For our series on the Changing Lives of Women, we're asking NPR women about their careers — and inviting you to join the conversation. This question goes to All Things Considered host Audie Cornish.
Question: What does it mean to have it all?
Audie Cornish: "OK, this just seems like kind of an antiquated notion, certainly for women of this generation. I'd like to think, no matter how broad these debates get, that we essentially aren't going to be judged for our choices. Now, of course, you are going to be judged. But the idea of this is that you can decide if you want to stay home. You can decide if you want to work. You can decide if you want outside help, and do a little of both, or telecommute or whatever you need to make your family work — that's OK. And that is what's different from previous generations.
"And I think the debate about whether 'we can have it all' is really a debate among people who have the luxury of choice. It's people who don't ever have to worry about working and putting food on the table in the same way so they can really sit back and say, 'What would make me happy?' And I think for a lot of women for many generations, for lots of working-class women today, that is not an option. You have to do what you have to do, and that's it. There's no precious discussion about it, there's no back and forth about it. So the 'have it all' question — I think it's a meaningless question for a great number of women."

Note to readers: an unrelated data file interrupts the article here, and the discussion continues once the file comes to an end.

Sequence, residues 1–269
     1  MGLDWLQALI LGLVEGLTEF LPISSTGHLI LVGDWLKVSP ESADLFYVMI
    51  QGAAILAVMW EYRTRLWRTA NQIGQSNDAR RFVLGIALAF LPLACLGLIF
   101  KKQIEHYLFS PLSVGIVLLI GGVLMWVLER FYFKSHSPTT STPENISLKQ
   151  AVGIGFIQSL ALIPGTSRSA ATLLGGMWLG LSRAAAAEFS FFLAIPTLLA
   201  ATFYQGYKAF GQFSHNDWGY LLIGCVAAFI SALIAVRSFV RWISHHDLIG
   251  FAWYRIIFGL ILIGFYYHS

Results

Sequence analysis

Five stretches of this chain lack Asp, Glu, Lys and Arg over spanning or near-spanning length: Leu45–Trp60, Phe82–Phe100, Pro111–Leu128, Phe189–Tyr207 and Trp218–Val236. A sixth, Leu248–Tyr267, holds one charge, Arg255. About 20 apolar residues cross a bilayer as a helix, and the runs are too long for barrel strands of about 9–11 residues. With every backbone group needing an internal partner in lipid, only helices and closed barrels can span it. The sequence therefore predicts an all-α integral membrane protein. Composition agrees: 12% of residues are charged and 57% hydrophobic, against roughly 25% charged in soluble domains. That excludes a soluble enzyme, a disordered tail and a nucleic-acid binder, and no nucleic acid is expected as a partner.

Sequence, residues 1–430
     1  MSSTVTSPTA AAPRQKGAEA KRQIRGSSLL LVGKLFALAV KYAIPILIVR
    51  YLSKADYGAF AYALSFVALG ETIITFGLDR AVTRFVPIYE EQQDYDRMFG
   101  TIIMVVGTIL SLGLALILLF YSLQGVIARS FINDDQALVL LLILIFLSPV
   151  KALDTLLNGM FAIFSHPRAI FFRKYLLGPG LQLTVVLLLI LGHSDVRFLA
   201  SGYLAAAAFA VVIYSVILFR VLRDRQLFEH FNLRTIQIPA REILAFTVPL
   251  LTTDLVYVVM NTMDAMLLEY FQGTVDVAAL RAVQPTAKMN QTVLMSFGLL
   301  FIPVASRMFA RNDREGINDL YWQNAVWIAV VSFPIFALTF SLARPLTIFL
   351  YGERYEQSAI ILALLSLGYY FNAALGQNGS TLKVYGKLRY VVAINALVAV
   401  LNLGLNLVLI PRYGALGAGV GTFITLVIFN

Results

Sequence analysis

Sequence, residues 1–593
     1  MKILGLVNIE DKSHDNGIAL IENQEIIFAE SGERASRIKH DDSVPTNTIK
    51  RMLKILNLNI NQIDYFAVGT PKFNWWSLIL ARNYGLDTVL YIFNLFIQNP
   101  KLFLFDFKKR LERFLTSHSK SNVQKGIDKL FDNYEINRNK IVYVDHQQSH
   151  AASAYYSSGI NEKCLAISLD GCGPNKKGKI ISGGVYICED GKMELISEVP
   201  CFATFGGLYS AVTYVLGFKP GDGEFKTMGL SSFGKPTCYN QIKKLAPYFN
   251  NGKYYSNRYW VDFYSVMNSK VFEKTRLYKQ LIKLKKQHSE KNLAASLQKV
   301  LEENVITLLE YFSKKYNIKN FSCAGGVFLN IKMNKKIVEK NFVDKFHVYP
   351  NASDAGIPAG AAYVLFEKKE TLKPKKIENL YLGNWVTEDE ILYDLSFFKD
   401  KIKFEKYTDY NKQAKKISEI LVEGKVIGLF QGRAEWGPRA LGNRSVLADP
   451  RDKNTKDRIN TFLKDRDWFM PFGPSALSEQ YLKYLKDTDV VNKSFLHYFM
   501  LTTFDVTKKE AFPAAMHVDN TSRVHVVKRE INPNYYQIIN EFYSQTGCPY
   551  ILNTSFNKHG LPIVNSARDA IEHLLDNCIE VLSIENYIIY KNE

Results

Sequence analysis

What does "having it all" mean to you? Join the conversation in the comments section below.